Madison, Wis. – As the state capital and home to one of the nation’s largest universities, this city has always had an extremely tight multifamily market. However, the unbridled development of condos, student housing, and single-family homes over the past three years has created a renter’s market with lots of concessions and no rental rate growth for owners.
“If you’re a developer in Madison, you’d certainly like to see less development,” said Gary Gorman, president of Gorman & Co., Inc., a Madison-based firm that owns eight apartment and condo properties totaling about 200 units. “With the amount of new projects in the pipeline, it will take five or six years to absorb everything.”
Steady economy can’t float rentals
More than 500,000 people call the Madison metro area home, and roughly 208,000 of them live in the city of Madison, according to the 2000 census. Many of the city residents are either students at the University of Wisconsin, which has an enrollment of more than 40,000 in Madison, or they work for state-funded organizations.
“A decent chunk of the housing market is driven by the state and county government and the university,” said Tom Landgraf, principal of Madison-based Dimension Development, LLC, and a senior lecturer in the University of Wisconsin’s real estate department.
The university’s presence in Madison has helped to diversify the area’s economy, bringing high-tech and biotechnology jobs. Historically, the Madison metro area has boasted an unemployment rate of less than 4 percent and job growth of about 1 percent annually. At the end of the first quarter of 2006, the unemployment rate was 4.7 percent, as it has been for the past 12 months, according to the Bureau of Labor Statistics.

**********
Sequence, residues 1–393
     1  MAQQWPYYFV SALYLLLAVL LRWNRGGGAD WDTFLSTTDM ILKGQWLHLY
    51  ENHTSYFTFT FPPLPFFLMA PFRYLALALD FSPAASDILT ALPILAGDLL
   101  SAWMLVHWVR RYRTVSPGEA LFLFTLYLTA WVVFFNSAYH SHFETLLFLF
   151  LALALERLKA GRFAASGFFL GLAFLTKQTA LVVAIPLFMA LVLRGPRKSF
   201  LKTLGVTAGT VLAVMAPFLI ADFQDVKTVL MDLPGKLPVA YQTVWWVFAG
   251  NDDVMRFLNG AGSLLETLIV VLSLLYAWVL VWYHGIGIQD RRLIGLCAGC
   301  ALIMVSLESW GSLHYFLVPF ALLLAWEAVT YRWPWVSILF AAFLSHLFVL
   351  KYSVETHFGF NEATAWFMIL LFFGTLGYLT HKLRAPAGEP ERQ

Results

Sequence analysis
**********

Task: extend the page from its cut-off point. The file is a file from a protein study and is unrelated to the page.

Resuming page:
“Madison’s economy is fine, but it’s not translating into the multifamily market,” said Nancy Jensen, executive director of the Apartment Association of South Central Wisconsin (AASCW). “The multifamily market is really struggling.”
Before the rapid influx of new units in the past few years, Madison, which is part of Dane County, boasted an occupancy rate of 99 percent, Jensen said, but demand and supply have gotten out of whack. The soft market can be blamed on several key factors, she said – the rush to home ownership, cutbacks in government employment, and stagnant student enrollment at the university.
From 2000 to 2005, Dane County added 14,679 new single-family homes – an increase of more than 10 percent to the single-family housing inventory. During that same period, the region’s multihousing inventory increased by 13,192 units, bringing the total number of available apartments and condos to more than 50,000 units, according to the U.S. Census Bureau.
“Until recently, development was rather aggressive,” said Bruce A. Martin, director of operations for JSM Properties, LLC, which currently manages approximately 1,400 apartments in downtown Madison and on the city’s west side. “It seemed like every week another project was either approved or starting construction – everything from houses to condos to apartments.”
Despite the fact that the university capped student enrollment, it worked with several private developers during that housing boom to embark upon an ambitious student housing development program, Landgraf pointed out, something that hasn’t occurred since the 1970s. In fact, a well-known student housing developer recently told Landgraf that current rates for his units are the same as several years ago.
“The capped enrollment and new product has created a renter’s market near campus,” Gorman said, “something I’ve never seen in my lifetime.” Moreover, the new housing options for students have gutted the market for low-end rental housing, notes Eileen Bruskewitz, an apartment owner and founder of the Madison Landlords Association. “That section of the market is not filling up,” she said, adding that a lot of renters have been able to trade up into nicer units or transition to homeownership over the last few years.
The area’s average occupancy rate today is just 92 percent, according to the AASCW. In fact, many properties have 12 percent to 15 percent vacancies rates, and even subsidized housing is 9 percent vacant. Madison Power & Electric, which also measures vacancy, reported a 5.4 percent vacancy rate at the end of the first quarter.